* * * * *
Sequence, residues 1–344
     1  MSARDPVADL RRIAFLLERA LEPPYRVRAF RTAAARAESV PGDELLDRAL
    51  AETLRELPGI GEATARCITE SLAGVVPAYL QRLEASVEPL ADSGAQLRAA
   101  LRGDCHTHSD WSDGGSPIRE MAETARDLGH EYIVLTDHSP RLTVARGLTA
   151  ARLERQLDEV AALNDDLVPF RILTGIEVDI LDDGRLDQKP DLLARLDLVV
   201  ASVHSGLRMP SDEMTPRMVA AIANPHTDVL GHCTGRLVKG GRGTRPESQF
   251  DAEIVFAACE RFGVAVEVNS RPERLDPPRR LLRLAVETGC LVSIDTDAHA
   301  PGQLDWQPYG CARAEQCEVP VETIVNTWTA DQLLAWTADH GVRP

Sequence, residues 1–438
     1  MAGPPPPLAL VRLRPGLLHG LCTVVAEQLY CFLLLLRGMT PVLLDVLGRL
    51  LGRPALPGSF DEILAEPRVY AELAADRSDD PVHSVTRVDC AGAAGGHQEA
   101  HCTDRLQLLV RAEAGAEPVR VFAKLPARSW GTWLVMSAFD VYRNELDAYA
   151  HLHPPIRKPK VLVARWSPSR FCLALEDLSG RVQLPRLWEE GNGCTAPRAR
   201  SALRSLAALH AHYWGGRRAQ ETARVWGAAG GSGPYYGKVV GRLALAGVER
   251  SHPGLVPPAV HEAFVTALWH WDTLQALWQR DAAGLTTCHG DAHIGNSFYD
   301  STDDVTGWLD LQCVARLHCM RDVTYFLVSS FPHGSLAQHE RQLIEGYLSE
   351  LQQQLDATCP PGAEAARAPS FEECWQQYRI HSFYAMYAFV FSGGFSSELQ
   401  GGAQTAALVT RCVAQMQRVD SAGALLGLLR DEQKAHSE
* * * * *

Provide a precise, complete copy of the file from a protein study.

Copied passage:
Sequence, residues 1–344
     1  MSARDPVADL RRIAFLLERA LEPPYRVRAF RTAAARAESV PGDELLDRAL
    51  AETLRELPGI GEATARCITE SLAGVVPAYL QRLEASVEPL ADSGAQLRAA
   101  LRGDCHTHSD WSDGGSPIRE MAETARDLGH EYIVLTDHSP RLTVARGLTA
   151  ARLERQLDEV AALNDDLVPF RILTGIEVDI LDDGRLDQKP DLLARLDLVV
   201  ASVHSGLRMP SDEMTPRMVA AIANPHTDVL GHCTGRLVKG GRGTRPESQF
   251  DAEIVFAACE RFGVAVEVNS RPERLDPPRR LLRLAVETGC LVSIDTDAHA
   301  PGQLDWQPYG CARAEQCEVP VETIVNTWTA DQLLAWTADH GVRP

Sequence, residues 1–438
     1  MAGPPPPLAL VRLRPGLLHG LCTVVAEQLY CFLLLLRGMT PVLLDVLGRL
    51  LGRPALPGSF DEILAEPRVY AELAADRSDD PVHSVTRVDC AGAAGGHQEA
   101  HCTDRLQLLV RAEAGAEPVR VFAKLPARSW GTWLVMSAFD VYRNELDAYA
   151  HLHPPIRKPK VLVARWSPSR FCLALEDLSG RVQLPRLWEE GNGCTAPRAR
   201  SALRSLAALH AHYWGGRRAQ ETARVWGAAG GSGPYYGKVV GRLALAGVER
   251  SHPGLVPPAV HEAFVTALWH WDTLQALWQR DAAGLTTCHG DAHIGNSFYD
   301  STDDVTGWLD LQCVARLHCM RDVTYFLVSS FPHGSLAQHE RQLIEGYLSE
   351  LQQQLDATCP PGAEAARAPS FEECWQQYRI HSFYAMYAFV FSGGFSSELQ
   401  GGAQTAALVT RCVAQMQRVD SAGALLGLLR DEQKAHSE